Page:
Where are you on the business timeline?
According to a survey by BT, 15% of women with children have started their own business, and one in 10 of us aspires to do the same.
And it's no wonder - running your own business offers flexibility, autonomy and creativity, and is a great way to combine your parenting responsibilities with making a living.
But while the idea might sound dreamy, there are always challenges to overcome or more you could be doing to make your business expand and grow.
So, whether you've just got the germ of an idea or are looking to expand, check out your next steps.
The first step is to investigate the validity of your idea, and one of the best ways to do this is to test out your 'elevator pitch' (so-called because it should be no longer than the time it takes you to get from the ground floor to the top floor).
Try and get the essence of your idea into a one-minute speech, then when you're happy with the pitch take it out and present it to friends, family and your target audience.
As entrepreneur and business author Emma Jones of Enterprise Nation points out: "When people hear about your idea and then ask how or where they can buy it, then you know you have a good idea."
The next stage is to build and develop your idea. Ask yourself: has someone already filled the gap that you're aiming to fill and, if so, what makes your idea new and exciting? What are the barriers involved in making the idea work? Who will be the target market for your idea and how will you market the idea to this audience?
Don't expect this to be an overnight process. As Emma Jones explains: "Business ideas develop over time. Ask for feedback from potential customers and use this to refine your idea."
So you have your killer business idea and you're either about to write a sparkling business plan or preparing to take your business to the next level. Either way, you need to plan financially to get things moving.
One of the biggest mistakes businesses make is not thinking clearly about the cost of their overheads, explains Matthew Perkins, from Business Link, the government's online resource for businesses. "If you're launching a business, do you have enough money to pay your domestic and utility bills for the first few months while your business is establishing itself?" he asks.
When you're planning these initial stages, it's also important to factor in your own living expenses before you get your first pay cheque from your new business. Make sure you have enough saved to tide you over, so you can focus all your energy on the success of your business, rather than worrying about your personal day-to-day expenses.
At only five years old, the organic food brand Ella's Kitchen is one of the UK's fastest-growing companies.
- Read more about how to turn your seedling of an idea into a viable business with advice from Barclays.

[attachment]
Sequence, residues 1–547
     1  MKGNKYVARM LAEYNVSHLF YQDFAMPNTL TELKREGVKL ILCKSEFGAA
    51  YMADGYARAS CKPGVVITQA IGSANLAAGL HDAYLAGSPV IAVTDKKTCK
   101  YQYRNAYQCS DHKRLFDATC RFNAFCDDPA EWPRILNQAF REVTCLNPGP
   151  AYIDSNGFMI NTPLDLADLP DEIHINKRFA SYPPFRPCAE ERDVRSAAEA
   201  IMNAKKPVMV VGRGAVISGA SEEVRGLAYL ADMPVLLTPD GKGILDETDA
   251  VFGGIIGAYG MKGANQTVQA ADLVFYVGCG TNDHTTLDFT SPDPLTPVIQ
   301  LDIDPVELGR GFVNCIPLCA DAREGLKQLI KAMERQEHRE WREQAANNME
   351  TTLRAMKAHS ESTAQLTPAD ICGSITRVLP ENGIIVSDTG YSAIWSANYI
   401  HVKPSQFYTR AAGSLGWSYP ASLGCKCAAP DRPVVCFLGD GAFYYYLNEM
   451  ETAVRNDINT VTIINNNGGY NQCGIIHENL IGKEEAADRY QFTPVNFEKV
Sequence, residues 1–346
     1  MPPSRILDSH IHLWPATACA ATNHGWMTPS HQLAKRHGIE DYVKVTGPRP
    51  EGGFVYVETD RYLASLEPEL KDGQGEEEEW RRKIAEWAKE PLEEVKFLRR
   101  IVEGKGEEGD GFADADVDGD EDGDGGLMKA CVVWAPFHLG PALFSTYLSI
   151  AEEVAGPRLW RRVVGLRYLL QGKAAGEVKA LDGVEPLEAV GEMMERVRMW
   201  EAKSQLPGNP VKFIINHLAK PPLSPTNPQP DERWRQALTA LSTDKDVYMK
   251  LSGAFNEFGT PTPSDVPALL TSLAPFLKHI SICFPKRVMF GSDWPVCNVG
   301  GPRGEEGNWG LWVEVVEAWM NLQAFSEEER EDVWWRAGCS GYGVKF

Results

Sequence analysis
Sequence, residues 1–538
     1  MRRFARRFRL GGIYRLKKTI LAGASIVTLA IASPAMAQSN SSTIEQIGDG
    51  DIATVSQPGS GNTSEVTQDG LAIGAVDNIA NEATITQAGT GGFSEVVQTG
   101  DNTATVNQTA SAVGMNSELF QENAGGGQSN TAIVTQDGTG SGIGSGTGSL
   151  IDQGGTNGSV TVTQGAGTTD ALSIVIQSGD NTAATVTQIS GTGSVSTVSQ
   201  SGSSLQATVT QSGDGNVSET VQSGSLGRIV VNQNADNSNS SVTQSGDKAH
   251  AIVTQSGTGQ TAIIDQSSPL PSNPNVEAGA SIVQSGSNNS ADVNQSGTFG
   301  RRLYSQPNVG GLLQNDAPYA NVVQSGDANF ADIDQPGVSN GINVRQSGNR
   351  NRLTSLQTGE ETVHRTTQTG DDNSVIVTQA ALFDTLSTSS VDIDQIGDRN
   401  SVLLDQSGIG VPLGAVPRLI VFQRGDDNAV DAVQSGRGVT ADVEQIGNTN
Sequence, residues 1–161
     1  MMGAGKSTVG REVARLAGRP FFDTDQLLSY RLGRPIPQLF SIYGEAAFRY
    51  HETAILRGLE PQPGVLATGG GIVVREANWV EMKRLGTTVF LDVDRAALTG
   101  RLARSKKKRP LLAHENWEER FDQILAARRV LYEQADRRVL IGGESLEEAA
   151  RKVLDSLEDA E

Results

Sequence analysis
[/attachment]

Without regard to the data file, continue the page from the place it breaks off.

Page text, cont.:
- Watch Ella's Kitchen founder Paul Lindley reveal more of his business tips.
Its founder, Paul Lindley, knows what it's like to start a business from scratch after building the company at his kitchen table: "You need to consider more than one option for how you're going to make your business idea work," he says. "Discuss your ideas and financial plans with external advisers, such as your accountant or bank manager. They will check all your assumptions are realistic, as it's easy to get carried away with your own business."
Unfortunately, 80% of small businesses fold within the first five years (Times, 2009), so it's important to make sure yours isn't one of them.
From dotcom millionaires to entrepreneurs, kitchen table tycoons to eBay executives, around 300,000 people in the UK will take the plunge and become their own boss this year, according to The Federation of Small Businesses.
But don't take the whole going-it-alone thing too literally. Whether you've been in business for a few years and want to expand, or you have a genius money-making idea, it pays to ask for help and to take advantage of the wealth of free advice and support on offer.
Small and medium businesses are the backbone of the economy, accounting for 99% of all UK companies and creating much-needed employment. So it's in the government's interest to do everything it can to nurture your business. Aside from free expert advice, Business Link gives you details of any grants you might be eligible for, along with helpful advice on how best to apply.
If you're having trouble securing funding because of insufficient security to meet a lender's normal criteria, the Enterprise Finance Guarantee scheme may be the solution.
Banking on success
Your bank can also help. Barclays is committed to supporting small and medium enterprises and opened one new business account every other working minute last year*, so it has lots of experience and knowledge to share to help you get off on the right foot for business success.
- Find out more information about business accounts and how Barclays can support your business
* One Start Up or Switcher account opened every other working minute, based on a 35-hour working week from January-December 2010.
© FSB 2011. Sourced in May 2011. Source: www.fsb.org.uk/keeptradelocal/images/ktl%20manifesto.pdf
© Times 2011. Sourced in May 2011. Source: www.timesonline.co.uk/tol/comment/columnists/guest_contributors/article6917880.ece
- Head to Barclays on Mumsnet for lots more tips, videos and expert information on starting your own business, family budgeting and saving.
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